Come on, Hollywood! We Know You Love the ’70s … Just Don’t Love It This Much

taking of pelham 123 0 Come on, Hollywood! We Know You Love the 70s ... Just Dont Love It This Much

Hollywood’s love affair with ’70s cinema is certainly well documented. From the Andersons (Wes and Paul Thomas) to Tony Gilroy (Michael Clayton, the already forgotten Duplicity), director after director has taken the styling pioneered by filmmakers like Robert Altman and Sydney Pollack and co-opted it for their own personal successes. And huzzah to that! But why, then, when it comes to plotting, do the same people that so clearly worship those seminal filmmakers disregard the actual decade they lived through?

We thought of this during the relentlessly mediocre exercise that was The Taking of Pelham 1 2 3. The film, a remake of the 1974 film of a similar name (the original version spells out One Two Three; the new version has no time for such pursuits), has nothing really holding it to modern times other than the feeling of “just because.” Sure, the current economic climate is ever-present, Google is used with reckless abandon and the word “terrorist” is uttered in hushed tones, but this is a story that could have easily occurred in another decade. (We’re not history buffs or anything, but we’re pretty sure the economy sucked in 1974, too.)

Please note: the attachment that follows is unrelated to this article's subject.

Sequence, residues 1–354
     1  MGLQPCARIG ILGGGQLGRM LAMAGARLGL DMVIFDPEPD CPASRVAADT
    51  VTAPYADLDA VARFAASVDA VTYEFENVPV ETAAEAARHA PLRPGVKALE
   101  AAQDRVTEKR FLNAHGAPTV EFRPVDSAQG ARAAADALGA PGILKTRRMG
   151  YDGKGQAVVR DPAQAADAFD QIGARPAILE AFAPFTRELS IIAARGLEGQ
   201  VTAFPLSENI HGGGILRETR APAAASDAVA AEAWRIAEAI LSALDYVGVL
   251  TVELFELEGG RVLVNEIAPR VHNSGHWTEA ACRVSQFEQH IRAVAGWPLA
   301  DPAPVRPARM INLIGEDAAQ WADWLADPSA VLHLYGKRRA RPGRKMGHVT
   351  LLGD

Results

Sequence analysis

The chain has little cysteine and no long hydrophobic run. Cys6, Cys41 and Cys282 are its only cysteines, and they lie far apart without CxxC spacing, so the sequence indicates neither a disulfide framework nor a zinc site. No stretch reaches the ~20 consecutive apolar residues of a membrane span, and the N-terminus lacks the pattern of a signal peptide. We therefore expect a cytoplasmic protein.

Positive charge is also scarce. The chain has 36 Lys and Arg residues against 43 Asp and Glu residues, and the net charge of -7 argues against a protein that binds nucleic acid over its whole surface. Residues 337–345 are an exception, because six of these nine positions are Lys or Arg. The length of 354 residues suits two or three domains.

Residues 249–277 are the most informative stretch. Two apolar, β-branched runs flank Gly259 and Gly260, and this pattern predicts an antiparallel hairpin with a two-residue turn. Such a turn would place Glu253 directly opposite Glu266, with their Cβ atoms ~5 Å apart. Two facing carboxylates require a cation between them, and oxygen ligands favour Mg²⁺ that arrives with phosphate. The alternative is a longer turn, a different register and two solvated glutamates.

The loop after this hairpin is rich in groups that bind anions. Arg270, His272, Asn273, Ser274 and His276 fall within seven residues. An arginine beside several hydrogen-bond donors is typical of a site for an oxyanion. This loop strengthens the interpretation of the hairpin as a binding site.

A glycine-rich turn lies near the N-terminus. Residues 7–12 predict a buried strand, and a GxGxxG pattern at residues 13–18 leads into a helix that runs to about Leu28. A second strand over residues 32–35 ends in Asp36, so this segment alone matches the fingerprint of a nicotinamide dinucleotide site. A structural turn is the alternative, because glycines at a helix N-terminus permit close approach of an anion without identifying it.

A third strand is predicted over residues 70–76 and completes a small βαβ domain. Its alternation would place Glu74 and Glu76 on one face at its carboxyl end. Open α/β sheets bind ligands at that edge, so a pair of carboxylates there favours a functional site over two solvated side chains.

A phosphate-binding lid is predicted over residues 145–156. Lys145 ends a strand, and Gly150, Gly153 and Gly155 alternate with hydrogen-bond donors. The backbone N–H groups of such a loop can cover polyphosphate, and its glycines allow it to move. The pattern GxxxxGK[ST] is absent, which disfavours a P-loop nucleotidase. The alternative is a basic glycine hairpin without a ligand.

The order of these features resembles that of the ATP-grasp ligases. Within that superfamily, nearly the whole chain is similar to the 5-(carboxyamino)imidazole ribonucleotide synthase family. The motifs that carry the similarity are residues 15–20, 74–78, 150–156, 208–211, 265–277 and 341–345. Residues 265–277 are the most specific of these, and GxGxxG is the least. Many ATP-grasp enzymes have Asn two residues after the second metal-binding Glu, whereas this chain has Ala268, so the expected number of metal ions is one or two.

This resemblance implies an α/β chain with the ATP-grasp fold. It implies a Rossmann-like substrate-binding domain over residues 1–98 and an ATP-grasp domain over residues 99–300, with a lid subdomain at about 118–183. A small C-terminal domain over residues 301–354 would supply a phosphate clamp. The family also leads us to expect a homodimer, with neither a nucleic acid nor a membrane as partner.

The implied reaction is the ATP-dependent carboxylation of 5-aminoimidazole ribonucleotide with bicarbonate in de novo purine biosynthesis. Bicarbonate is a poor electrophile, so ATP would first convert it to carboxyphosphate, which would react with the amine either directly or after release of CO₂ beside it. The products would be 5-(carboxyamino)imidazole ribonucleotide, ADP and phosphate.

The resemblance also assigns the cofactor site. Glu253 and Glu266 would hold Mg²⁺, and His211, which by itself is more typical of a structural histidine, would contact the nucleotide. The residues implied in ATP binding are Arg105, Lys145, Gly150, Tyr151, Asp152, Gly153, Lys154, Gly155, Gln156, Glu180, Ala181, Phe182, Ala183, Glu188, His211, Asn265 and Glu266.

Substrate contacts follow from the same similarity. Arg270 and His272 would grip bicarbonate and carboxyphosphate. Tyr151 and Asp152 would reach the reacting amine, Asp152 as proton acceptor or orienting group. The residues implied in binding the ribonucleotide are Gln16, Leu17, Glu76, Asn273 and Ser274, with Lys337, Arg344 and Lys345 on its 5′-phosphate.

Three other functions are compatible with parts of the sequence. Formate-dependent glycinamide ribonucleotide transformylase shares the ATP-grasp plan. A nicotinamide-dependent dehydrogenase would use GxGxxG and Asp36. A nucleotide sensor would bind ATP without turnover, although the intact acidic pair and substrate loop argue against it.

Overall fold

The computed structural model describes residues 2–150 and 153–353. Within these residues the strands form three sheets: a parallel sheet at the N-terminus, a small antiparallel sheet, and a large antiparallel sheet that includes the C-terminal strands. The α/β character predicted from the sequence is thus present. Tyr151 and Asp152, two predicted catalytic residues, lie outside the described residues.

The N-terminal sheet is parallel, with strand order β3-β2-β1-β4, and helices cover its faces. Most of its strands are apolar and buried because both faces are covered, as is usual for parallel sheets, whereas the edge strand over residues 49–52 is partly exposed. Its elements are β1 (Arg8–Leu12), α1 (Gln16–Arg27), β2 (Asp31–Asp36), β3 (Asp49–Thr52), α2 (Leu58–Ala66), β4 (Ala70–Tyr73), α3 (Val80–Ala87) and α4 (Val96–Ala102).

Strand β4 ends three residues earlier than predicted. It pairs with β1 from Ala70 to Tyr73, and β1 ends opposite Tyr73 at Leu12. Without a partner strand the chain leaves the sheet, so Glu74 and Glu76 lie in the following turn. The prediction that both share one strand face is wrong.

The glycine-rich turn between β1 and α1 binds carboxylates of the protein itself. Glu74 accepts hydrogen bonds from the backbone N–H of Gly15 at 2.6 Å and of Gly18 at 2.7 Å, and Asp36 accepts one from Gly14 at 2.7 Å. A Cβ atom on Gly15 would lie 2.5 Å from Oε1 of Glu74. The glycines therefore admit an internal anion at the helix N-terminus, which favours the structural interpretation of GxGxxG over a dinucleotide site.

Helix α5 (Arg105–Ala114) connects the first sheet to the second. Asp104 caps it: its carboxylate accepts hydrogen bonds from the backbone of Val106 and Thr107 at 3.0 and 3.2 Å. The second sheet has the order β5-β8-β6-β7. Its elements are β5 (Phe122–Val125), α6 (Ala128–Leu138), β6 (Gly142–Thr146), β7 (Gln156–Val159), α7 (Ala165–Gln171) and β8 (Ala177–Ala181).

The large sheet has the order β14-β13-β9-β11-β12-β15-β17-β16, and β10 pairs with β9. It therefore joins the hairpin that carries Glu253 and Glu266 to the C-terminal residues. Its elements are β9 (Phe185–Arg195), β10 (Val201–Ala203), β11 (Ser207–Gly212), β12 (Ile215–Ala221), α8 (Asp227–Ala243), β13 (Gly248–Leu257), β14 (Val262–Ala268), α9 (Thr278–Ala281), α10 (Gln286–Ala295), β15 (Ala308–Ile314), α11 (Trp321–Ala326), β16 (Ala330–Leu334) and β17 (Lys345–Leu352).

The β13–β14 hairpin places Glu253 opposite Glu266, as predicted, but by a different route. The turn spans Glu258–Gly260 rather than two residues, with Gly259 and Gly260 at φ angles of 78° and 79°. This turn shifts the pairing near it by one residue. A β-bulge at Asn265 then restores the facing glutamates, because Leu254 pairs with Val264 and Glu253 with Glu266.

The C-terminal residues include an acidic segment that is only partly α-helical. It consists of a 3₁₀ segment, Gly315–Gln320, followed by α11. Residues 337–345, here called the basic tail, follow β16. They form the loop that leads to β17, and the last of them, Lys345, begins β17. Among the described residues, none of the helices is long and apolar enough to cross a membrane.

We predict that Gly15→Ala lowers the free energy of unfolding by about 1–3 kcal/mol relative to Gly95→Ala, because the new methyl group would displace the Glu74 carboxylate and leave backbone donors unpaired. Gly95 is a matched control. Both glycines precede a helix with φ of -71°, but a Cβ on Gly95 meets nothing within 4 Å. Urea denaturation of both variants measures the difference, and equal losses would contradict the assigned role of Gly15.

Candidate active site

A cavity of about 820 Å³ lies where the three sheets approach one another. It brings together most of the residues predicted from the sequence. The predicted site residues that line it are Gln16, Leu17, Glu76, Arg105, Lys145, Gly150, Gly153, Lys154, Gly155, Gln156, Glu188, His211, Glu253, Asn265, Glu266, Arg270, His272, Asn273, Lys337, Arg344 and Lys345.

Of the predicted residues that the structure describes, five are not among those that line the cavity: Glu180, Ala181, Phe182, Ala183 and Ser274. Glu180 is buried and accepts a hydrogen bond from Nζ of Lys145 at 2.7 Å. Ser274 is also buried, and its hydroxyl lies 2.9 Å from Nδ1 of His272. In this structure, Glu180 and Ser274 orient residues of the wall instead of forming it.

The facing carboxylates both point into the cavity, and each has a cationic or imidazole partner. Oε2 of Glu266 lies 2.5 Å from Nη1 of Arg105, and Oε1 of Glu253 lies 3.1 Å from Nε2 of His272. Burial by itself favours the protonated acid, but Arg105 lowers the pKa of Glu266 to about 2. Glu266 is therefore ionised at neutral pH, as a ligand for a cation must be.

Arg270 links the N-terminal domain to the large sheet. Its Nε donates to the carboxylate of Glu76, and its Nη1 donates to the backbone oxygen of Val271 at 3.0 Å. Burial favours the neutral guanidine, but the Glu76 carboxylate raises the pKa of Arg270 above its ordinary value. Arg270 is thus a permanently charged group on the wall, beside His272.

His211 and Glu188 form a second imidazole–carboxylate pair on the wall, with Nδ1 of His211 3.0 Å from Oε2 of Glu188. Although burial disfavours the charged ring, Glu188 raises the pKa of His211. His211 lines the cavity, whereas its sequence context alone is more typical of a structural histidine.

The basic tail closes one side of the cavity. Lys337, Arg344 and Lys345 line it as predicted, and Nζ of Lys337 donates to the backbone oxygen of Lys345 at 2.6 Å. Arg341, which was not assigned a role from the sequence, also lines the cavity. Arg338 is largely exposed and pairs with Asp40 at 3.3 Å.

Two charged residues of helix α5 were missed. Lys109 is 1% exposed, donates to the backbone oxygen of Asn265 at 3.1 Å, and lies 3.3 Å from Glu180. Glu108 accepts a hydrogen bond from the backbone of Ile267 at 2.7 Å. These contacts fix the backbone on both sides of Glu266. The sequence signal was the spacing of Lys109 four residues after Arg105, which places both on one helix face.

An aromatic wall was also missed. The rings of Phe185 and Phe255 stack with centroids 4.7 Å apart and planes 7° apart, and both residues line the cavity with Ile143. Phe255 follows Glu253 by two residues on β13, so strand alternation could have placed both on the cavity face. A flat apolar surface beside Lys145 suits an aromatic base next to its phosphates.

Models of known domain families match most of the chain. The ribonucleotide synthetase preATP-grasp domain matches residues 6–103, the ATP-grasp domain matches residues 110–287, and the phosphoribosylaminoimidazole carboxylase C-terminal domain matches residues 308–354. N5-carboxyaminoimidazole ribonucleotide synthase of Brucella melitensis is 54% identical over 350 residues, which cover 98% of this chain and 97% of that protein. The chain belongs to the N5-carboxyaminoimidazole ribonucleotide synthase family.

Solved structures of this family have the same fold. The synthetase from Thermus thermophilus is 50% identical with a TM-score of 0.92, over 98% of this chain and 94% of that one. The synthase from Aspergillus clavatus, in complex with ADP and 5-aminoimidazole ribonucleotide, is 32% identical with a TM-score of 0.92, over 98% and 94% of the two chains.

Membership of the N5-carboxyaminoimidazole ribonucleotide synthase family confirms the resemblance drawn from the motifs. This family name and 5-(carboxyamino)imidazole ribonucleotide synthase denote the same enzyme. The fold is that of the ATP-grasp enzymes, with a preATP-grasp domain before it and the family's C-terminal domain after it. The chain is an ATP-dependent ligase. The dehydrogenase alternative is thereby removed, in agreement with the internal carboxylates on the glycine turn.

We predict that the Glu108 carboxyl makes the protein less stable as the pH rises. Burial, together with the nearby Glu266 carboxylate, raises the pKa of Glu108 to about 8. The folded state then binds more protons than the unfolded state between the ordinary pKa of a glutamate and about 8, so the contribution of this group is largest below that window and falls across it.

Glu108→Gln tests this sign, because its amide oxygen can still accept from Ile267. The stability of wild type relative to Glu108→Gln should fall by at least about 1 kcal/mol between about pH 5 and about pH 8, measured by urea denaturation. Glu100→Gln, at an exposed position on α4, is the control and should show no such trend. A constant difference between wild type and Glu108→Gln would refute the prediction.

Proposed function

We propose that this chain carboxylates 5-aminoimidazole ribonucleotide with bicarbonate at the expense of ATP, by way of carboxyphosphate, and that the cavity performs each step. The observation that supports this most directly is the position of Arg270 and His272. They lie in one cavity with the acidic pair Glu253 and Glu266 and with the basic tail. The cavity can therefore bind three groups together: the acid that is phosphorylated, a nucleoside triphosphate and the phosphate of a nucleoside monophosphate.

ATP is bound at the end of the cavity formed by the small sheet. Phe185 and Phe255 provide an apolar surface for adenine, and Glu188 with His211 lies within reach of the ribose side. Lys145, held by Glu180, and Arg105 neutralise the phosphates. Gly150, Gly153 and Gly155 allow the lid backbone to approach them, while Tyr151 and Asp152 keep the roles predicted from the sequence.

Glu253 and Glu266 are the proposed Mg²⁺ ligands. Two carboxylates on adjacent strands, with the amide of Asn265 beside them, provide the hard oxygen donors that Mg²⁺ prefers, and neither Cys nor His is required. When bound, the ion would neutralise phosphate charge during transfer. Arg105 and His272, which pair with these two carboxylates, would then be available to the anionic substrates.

So then why did director Tony Scott feel the need to update the proceedings? Call it the bias of history. Only ’70s period pieces remain locked inside the isolation of past events. Think about it: The ’50s are always a popular choice for random genre goodness (Revolutionary Road! L.A. Confidential!); ditto the ’60s, which are so overdone at this point a moratorium needs to be called (though not against Mad Men); and everyone loves the ’80s (The Wedding Singer, hello!). But since Boogie Nights and The Ice Storm were released 12 years ago, nearly all the major films set during the Me Decade—Milk, Zodiac, Summer of Sam, Frost/Nixon, American Gangster—have had an historical lean. No offense to those movies, but where is the sprawling character study—like Dazed and Confused—that just so happens to exist in the ’70s? What about the thrilling action film—like The Taking of Pelham 1 2 3 could have been—without ties to Vietnam? We want ’70s films to be something other than a history lesson—something more natural and organic. Unfortunately, it looks like Mr. Scott will continue to be the fly in our revival ointment: The director is planning to update his remake of The Warriors for modern times. Can you dig it? Yeah, us neither.